70mm-150mm focal length
This is the lens range I use most. Its use allows for extracting a portion of your scene (tight compositions), which is the intimate portrait in landscape work. You may limit the background coverage with this focal length and it gives more working room (distance) from the subject with some scene compression. Filter use is much easier to work with than the wider focal lengths. The weight of these lenses is still fairly light, unless using very fast lenses (F 2.8). The use of a tripod is now becoming a common occurrence. A tripod should always be in good working order. This means you should maintain your equipment regularly.
The longer lenses are commonly used in wildlife and sports photography. I am not covering them in this article.
At the scene, we have our camera with lens on a tripod, camera loaded with film. We may also have a filter on the lens. From the scene to the film working towards the camera we have the scene, filter, lens, our exposure, film, and lastly, our film processing. In order we have: Processed film, Exposure, Film, Lens, (filter) Subject. The lens is very important when it comes to viewing your subject. It should be the finest piece of glass you can afford. I know quality costs and when it comes to fine optics, donít cut corners when buying lenses.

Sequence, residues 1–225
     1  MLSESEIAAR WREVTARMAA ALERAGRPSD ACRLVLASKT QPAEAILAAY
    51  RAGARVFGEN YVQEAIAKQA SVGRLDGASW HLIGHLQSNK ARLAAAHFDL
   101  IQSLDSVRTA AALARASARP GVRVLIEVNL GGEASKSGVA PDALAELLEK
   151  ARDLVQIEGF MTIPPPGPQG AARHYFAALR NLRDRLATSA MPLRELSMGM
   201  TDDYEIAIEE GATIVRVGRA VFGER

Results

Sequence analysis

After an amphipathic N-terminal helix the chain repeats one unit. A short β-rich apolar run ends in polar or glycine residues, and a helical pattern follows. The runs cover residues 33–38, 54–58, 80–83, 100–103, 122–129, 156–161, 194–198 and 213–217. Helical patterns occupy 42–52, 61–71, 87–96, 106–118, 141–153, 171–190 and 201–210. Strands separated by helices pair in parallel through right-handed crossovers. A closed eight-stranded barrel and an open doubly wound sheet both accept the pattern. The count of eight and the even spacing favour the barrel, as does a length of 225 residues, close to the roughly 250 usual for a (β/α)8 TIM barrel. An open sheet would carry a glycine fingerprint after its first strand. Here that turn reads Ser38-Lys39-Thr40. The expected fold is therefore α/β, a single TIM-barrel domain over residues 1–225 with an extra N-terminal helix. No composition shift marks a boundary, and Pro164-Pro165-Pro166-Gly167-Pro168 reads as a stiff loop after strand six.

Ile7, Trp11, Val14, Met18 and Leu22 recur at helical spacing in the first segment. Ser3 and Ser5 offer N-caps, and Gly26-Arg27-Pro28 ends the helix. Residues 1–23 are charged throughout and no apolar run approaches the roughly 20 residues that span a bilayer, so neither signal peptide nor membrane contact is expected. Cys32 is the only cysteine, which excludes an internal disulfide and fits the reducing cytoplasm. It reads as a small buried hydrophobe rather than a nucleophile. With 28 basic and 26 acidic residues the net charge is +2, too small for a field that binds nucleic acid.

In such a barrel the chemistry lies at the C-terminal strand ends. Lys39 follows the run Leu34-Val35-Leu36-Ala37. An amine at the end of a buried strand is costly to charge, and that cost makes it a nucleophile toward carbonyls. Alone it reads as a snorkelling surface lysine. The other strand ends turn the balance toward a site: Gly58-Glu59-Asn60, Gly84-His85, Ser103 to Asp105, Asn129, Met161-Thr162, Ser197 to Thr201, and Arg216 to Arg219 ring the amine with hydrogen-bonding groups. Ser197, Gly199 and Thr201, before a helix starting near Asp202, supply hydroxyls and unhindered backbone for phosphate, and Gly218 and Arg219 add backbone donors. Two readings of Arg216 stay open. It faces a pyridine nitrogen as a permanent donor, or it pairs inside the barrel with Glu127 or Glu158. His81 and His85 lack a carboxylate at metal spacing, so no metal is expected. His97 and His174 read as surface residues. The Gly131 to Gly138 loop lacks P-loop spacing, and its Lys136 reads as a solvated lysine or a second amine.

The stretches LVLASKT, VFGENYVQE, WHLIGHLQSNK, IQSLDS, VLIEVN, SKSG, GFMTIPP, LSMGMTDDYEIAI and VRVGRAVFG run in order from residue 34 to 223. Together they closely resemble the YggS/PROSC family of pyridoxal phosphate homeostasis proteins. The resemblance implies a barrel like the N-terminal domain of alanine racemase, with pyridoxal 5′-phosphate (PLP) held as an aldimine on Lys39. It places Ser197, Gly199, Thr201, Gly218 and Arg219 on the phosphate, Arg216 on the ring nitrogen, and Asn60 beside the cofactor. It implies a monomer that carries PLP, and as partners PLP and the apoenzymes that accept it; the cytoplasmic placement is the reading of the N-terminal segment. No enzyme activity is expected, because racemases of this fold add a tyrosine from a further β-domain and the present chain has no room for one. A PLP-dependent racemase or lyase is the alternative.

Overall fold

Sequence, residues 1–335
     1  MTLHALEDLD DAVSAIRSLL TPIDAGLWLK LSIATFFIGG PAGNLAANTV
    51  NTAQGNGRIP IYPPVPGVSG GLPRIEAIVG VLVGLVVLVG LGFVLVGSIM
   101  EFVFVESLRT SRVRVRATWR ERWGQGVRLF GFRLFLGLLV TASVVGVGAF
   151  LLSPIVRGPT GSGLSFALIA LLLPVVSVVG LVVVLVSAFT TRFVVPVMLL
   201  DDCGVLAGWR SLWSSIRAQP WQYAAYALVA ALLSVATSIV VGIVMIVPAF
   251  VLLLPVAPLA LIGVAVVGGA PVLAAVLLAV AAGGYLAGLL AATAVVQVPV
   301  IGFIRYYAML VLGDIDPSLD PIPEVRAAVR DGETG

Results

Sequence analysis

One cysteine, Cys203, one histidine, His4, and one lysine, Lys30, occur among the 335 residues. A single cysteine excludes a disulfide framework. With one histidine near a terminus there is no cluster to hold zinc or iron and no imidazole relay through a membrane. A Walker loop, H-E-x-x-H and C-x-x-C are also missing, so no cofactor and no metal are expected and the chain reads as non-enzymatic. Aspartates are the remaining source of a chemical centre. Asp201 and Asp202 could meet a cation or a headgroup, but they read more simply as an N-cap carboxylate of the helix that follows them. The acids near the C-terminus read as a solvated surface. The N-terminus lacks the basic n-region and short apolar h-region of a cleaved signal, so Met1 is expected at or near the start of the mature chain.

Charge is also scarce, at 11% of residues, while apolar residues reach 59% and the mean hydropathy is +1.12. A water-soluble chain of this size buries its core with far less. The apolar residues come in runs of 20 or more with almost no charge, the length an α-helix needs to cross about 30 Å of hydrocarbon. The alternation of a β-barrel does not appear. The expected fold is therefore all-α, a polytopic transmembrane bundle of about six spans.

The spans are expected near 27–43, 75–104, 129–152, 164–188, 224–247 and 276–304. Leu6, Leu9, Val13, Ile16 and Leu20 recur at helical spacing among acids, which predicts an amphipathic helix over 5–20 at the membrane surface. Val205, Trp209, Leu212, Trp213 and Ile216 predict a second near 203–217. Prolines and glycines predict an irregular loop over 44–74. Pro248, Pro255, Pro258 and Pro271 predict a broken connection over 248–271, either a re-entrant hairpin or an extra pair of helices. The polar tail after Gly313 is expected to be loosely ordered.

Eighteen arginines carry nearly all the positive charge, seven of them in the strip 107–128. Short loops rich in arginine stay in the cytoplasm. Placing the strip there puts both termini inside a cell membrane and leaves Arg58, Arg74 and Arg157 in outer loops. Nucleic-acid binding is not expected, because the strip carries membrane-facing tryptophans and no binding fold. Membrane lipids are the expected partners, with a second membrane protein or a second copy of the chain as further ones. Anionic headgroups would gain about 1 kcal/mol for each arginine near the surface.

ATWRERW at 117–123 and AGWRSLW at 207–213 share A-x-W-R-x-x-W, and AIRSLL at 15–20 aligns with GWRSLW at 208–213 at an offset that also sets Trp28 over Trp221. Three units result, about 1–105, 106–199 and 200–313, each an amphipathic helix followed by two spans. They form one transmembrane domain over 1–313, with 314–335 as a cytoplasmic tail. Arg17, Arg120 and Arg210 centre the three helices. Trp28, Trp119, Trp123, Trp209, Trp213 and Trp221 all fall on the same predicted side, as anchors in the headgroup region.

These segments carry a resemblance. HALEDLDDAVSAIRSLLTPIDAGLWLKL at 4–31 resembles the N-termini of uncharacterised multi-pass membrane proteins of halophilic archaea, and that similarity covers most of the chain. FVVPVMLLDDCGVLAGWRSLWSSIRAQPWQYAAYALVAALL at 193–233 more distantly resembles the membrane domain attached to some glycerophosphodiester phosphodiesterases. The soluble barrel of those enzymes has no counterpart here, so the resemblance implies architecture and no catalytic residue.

To test your lenses to discover how they see your subject, use different focal lengths on the same subject at the same distance. Change your distance and do the same as before. Change the distance one more time and use your lenses again.